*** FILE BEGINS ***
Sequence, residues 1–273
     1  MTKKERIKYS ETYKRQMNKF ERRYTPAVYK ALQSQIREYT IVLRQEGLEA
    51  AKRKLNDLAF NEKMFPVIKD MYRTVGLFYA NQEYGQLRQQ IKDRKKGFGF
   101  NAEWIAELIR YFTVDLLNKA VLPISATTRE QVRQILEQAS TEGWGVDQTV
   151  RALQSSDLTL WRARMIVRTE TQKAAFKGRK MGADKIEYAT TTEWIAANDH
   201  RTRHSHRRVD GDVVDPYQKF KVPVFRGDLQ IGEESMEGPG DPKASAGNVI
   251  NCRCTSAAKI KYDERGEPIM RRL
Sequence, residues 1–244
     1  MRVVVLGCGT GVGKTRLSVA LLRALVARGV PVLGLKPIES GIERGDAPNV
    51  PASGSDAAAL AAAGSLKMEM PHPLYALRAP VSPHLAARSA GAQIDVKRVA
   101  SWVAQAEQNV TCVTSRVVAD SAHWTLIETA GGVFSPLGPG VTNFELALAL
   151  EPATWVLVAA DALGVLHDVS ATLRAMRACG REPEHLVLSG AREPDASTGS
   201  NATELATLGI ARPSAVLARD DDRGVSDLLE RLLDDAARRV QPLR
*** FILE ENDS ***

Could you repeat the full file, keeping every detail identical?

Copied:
Sequence, residues 1–273
     1  MTKKERIKYS ETYKRQMNKF ERRYTPAVYK ALQSQIREYT IVLRQEGLEA
    51  AKRKLNDLAF NEKMFPVIKD MYRTVGLFYA NQEYGQLRQQ IKDRKKGFGF
   101  NAEWIAELIR YFTVDLLNKA VLPISATTRE QVRQILEQAS TEGWGVDQTV
   151  RALQSSDLTL WRARMIVRTE TQKAAFKGRK MGADKIEYAT TTEWIAANDH
   201  RTRHSHRRVD GDVVDPYQKF KVPVFRGDLQ IGEESMEGPG DPKASAGNVI
   251  NCRCTSAAKI KYDERGEPIM RRL
Sequence, residues 1–244
     1  MRVVVLGCGT GVGKTRLSVA LLRALVARGV PVLGLKPIES GIERGDAPNV
    51  PASGSDAAAL AAAGSLKMEM PHPLYALRAP VSPHLAARSA GAQIDVKRVA
   101  SWVAQAEQNV TCVTSRVVAD SAHWTLIETA GGVFSPLGPG VTNFELALAL
   151  EPATWVLVAA DALGVLHDVS ATLRAMRACG REPEHLVLSG AREPDASTGS
   201  NATELATLGI ARPSAVLARD DDRGVSDLLE RLLDDAARRV QPLR